While it’s very unlikely that Toilolo can be salvaged as potential starter, it doesn’t mean that he still can’t be a contributor on offense. One only has to look at the rookie season of Detroit Lions tight end Joseph Fauria to see a potential role for Toilolo moving forward. In 2013, the rookie Fauria was an impact red-zone option for the Lions offense, scoring seven touchdowns on 18 receptions.
Fauria was targeted 30 times as a backup in 2013, 14 of which came in the red zone. He managed to convert nearly half (six) of those red-zone targets into touchdowns. His lone other touchdown was a 23-yard score on a seam throw.
There’s absolutely nothing that keeps Toilolo from being used in a similar capacity in Atlanta. Even as a starter, Toilolo saw just six red-zone targets in 2014. One of the fairer criticisms of former Falcons offensive coordinator Dirk Koetter was his lack of creativity in the red zone. Toilolo saw just as many red-zone targets in 2014 as he did in 2013, despite having 3.5 times as many passes thrown his way and running 5.5 times as many routes according to Pro Football Focus. Interpreted another way, Toilolo was between 3.5 and 5.5 times underused in the red zone.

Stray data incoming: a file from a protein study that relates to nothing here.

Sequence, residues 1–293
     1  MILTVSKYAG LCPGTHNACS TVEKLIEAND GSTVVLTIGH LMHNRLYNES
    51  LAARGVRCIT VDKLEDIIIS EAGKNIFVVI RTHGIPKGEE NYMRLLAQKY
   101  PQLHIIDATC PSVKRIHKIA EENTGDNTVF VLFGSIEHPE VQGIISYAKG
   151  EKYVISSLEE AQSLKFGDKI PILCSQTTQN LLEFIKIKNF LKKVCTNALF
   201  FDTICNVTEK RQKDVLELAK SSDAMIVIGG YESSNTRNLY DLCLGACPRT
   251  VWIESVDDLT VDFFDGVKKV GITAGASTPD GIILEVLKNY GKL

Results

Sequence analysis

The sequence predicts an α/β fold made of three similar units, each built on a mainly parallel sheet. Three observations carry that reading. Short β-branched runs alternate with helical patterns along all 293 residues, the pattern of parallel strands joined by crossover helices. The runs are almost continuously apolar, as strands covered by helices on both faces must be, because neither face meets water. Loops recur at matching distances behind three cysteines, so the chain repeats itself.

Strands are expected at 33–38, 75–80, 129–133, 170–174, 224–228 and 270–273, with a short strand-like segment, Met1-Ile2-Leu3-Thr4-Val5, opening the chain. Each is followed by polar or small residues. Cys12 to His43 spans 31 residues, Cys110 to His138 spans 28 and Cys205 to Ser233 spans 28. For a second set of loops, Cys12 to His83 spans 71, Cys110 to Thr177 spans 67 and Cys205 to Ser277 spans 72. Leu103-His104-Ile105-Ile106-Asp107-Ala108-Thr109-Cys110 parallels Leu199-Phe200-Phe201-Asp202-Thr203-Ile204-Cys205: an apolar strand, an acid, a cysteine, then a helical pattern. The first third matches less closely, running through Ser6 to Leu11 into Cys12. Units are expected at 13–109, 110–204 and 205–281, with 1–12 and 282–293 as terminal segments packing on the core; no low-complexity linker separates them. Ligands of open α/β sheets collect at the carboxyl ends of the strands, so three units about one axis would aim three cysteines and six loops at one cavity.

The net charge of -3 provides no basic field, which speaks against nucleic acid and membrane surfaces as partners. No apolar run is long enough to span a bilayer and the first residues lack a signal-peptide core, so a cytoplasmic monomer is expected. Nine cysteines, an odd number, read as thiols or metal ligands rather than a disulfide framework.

Regardless of Toilolo’s future, the biggest takeaway is that the Falcons appear to have learned from last year’s mistake. The Falcons could have potentially waited until the draft to add a tight end. But that would have presented the very real possibility that they would have been stuck once more with an underachieving starter without obvious alternatives as they were a year ago.